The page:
#008 – IKOMA-YAMA
“How to get the best of it all? One must conquer, achieve, get to the top; one must know the end to be convinced that one can win the end – to know there’s no dream that mustn’t be dared. . . Is this the summit, crowning the day? How cool and quiet! We’re not exultant; but delighted, joyful; soberly astonished. . . Have we vanquished an enemy? None but ourselves. Have we gained success? That word means nothing here. Have we won a kingdom? No. . . and yes. We have achieved an ultimate satisfaction. . . fulfilled a destiny. . . To struggle and to understand – never this last without the other; such is the law. . .”
― George Mallory
Ah, the lure of the summit. It turns man to foolhardy, courageous, astounding endeavours. Deadly as addiction to the weak of spirit; a thrilling challenge to those with the strength of will.
Dreams of summits made have surely sent thousands to their doom and turned countless more away humbled and humiliated.
Mountaineering lore is riddled with tales of the trials and tribulations endured when summit fever grips the soul. From frostbite to embolism, avalanche to eruption the list goes on.
The Missus, the Kid and I underestimated Ikoma from the moment we sat down in a noodle shop at its foot and gorged ourselves on steaming bowls of udon. Rising to some six hundred metres out of the urban sprawl on the Osaka-Nara border we took it to be nothing more than a walk in the park. Sated but maybe overly so we bumbled around the outer Osakan suburbs for longer than was necessary, poking our heads in the innumerable fortune teller’s establishments lining the streets, before discovering the trail up out of the houses and into the jizo dotted forests cloaking the mountain.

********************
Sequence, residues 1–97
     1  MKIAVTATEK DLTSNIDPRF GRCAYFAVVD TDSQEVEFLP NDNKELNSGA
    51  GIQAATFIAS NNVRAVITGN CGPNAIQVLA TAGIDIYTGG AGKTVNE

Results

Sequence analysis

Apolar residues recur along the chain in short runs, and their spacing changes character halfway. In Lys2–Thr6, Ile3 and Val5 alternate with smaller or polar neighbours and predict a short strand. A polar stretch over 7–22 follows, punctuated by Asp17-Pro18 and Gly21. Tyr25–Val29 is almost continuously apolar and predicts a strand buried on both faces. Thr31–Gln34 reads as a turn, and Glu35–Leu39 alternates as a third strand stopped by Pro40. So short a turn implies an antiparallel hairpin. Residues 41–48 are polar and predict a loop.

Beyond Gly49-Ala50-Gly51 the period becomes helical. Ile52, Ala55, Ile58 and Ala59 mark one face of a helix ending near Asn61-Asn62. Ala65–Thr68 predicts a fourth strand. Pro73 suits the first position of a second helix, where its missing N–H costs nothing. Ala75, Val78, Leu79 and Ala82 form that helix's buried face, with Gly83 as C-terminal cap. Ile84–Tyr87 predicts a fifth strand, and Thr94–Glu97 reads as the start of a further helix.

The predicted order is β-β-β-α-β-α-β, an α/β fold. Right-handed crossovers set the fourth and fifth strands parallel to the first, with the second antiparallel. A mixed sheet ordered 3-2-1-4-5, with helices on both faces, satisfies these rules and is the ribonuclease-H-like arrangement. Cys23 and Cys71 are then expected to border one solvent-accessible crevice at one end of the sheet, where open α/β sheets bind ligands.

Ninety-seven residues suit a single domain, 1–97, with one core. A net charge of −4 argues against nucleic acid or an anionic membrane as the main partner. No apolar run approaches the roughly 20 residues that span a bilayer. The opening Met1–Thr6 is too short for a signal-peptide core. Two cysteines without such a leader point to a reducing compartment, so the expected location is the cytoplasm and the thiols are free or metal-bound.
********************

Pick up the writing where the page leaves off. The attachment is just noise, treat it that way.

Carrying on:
Spring was in full swing and the resplendent greens of a new season’s leaves comforted our souls still quivering from a winter that had seemed unwilling to release its grip.
I was well out of shape and the recent hikes up Hiei, Mikami and Minetoko failed to exact any noticeable improvement in my form. Ikoma was a steep mother and with a belly full of lunch along for the ride, all I truly desired was a nice lie down.
Summit fever swelled to counter those notions though and we all pressed on upwards.
It was as we clambered up the final approach to the broad summit area we realised the challenge that lay before us might be just too much to overcome. We had emerged from the woods and literally stepped into another land. Sky Land. Locating the summit proper while fighting off hordes of weekend revelers brandishing soft creams, helium filled balloons and screaming infants was going to take some serious effort. A Nihon Hyakumeizan under my belt I felt ready to accept the challenge and take charge. First we hit the log ride, then eyed off the haunted house and roller coaster. The Kid wasn’t keen for the ghost house and my arm wasn’t anywhere near twistable enough to get me on the roller coaster. So ice creams it was. Sitting at a picnic table, we watched a strange man in tight pants, boob clinging shirt and thick rimmed spectacles ride the merry go round alone, the kids nearby having retreated to the comfort of their parents’ embrace.
Men – and women – in this case, do desperate things when gripped by the lure of the mountaintop. We eyed off the challenge from a safe distance, calculating the best way to attack it before brazenly marching onward. I’d conquered the ice walls of Iwaki, the chain laced crags of the Northern Alps, gas spewing monsters Asama-yama and Yake-dake but never, in all my time high up in the mountains of Japan, had I been confronted with such a unique set of circumstances as on that day.
In the words of George Mallory “one must know the end to be convinced that one can win the end – to know there’s no dream that mustn’t be dared. . .”
With that, we bought our tickets for the kiddie train and Ikoma’s summit was ours.